The District of Metchosin has inked a deal with a commercial real estate company to rent out the old Metchosin school and get the most bang for their buck.
Cushman & Wakefield Ltd. Victoria, a real estate brokerage with offices on View Street, will be responsible for leasing the space at 4495 Happy Valley Rd. until Nov. 30, 2019. The space includes the school side comprising of a gymnasium, 10 classrooms, staff and change rooms, as well as washroom facilities, among others.
“My plan is to work with the District to find a quality tenant that fits their needs,” said Elizabeth Jane Mears, an associate with the brokerage, noting the site is currently zoned for assembly uses such as education and community care facilities, churches, retail stores and artist studios. “That will be our guiding tool when we look at leasing.”
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There are a few ways the brokerage could go about leasing the 19,000-square-foot space, said Mears. It could rent to a single tenant or it could divide the building and lease it to multiple tenants.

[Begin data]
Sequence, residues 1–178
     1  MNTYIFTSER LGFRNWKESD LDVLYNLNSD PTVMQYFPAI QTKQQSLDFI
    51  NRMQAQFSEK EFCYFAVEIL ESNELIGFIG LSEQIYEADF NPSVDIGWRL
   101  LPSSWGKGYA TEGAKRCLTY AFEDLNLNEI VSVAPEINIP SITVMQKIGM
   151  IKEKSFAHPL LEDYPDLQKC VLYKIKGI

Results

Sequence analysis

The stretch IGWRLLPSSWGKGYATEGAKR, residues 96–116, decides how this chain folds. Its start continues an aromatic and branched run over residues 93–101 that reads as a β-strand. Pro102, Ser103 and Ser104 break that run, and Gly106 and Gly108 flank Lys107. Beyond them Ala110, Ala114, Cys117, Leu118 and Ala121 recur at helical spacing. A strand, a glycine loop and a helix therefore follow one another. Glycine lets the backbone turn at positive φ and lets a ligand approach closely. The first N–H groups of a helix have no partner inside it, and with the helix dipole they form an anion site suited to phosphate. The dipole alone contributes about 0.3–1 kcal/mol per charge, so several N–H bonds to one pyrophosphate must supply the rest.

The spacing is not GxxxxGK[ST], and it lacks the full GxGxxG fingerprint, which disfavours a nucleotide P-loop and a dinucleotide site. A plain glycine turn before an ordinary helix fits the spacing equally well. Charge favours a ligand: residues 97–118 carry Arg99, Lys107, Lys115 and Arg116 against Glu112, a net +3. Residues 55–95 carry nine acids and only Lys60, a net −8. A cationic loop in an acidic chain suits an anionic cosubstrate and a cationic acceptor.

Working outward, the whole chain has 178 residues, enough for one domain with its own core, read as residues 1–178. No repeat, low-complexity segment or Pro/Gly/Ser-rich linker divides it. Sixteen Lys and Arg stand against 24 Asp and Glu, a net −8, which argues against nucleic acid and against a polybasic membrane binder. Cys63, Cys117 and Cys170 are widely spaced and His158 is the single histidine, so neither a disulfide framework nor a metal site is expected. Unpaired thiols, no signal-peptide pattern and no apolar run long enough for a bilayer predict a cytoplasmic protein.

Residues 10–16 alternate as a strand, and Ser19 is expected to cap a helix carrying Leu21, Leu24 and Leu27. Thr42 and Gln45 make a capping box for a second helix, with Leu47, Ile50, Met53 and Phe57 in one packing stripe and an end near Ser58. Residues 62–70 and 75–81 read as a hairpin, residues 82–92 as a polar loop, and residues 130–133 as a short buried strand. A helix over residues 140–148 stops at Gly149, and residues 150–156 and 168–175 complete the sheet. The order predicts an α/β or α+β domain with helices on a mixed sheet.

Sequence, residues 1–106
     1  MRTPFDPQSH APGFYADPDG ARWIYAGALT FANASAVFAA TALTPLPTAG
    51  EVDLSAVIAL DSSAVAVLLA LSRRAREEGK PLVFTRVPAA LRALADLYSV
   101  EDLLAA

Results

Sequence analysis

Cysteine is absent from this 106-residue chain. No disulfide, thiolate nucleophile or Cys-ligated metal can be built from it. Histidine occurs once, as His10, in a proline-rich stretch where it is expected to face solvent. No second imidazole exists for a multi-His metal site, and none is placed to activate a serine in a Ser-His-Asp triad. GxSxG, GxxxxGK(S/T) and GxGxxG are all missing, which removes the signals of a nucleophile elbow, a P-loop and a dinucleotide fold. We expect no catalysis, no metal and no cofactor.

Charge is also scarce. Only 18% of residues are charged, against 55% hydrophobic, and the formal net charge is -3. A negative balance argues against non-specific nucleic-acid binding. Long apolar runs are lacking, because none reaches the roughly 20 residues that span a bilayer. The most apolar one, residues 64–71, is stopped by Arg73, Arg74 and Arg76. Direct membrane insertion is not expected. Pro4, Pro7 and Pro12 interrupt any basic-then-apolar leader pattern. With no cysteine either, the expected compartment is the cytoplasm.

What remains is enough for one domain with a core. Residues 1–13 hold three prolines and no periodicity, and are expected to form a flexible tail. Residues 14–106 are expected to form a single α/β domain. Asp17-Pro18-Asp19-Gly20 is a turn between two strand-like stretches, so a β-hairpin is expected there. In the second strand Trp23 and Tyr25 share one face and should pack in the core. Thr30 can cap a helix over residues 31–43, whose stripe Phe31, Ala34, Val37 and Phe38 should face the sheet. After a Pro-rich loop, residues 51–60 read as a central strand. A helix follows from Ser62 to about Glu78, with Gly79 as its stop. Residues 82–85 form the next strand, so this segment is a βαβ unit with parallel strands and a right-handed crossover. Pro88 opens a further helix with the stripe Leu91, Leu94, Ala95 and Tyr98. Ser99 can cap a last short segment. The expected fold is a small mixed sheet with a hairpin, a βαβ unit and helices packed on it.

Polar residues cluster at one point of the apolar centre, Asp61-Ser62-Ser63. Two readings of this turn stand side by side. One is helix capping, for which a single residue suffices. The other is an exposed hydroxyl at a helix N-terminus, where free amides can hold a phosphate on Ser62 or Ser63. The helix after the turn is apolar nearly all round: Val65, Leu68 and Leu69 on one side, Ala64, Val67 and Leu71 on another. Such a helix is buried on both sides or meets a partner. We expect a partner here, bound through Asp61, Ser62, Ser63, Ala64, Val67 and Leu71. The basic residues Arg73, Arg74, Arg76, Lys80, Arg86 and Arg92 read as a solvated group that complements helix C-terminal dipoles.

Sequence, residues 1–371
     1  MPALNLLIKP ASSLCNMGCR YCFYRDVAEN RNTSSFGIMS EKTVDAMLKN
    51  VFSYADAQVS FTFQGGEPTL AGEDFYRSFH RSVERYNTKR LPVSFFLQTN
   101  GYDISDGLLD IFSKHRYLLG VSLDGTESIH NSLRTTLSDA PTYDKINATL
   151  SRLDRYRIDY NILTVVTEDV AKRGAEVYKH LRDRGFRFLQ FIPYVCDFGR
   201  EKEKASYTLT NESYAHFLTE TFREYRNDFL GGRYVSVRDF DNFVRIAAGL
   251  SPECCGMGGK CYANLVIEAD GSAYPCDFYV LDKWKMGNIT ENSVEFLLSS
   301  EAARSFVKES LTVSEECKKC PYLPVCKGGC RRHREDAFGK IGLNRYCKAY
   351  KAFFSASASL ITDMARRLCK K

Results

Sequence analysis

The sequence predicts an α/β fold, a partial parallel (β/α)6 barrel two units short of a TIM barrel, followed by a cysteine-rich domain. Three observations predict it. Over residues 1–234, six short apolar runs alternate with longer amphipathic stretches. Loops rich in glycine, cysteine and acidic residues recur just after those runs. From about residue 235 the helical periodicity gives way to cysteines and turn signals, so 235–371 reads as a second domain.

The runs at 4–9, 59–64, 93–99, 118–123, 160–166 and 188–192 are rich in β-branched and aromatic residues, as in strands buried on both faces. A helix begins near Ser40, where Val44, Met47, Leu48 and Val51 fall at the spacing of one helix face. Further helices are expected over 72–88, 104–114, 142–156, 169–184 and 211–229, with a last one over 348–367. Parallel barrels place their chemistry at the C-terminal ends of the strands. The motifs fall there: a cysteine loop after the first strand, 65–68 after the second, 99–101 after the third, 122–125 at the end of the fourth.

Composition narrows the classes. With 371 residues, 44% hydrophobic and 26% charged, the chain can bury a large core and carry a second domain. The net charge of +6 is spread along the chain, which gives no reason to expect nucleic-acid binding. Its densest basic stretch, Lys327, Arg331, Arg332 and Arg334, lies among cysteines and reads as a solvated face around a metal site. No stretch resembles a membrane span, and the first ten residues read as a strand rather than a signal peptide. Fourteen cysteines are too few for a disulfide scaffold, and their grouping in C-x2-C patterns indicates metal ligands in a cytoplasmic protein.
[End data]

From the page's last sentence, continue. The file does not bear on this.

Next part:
So far, there have been a couple of parties that are “seriously” interested in leasing a portion of the site. Mears hopes to put a proposal before council by the end of the month, but it could take four to six months before the space is occupied, depending on if renovations are needed.
The Metchosin Arts and Cultural Centre Association, as well as the seniors centre and Metchosin soap works, among others that currently occupy part of the school will remain in the space.
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“I think we’re going to see a really neat tenant mix and user groups for the community,” Mears said. “I think that having this site go from short-term tenancy and some community groups to a fully tenanted property … we’re going to see this as a bit of a changing tide for that area of Metchosin to have a bit more of a bustling, village feel to it.”
The District purchased the roughly five-acre property for $1.5 million from the Sooke School District last year. However, it was unable to secure provincial grant funding to help pay for part of the purchase, so the full amount was borrowed from the District’s general and police reserves – funds which must be replenished over the next five years.
Once the reserves have been paid off, the District can then look at using the facility for community purposes, including a sub-regional protective services training centre, theatre or expanding the arts space.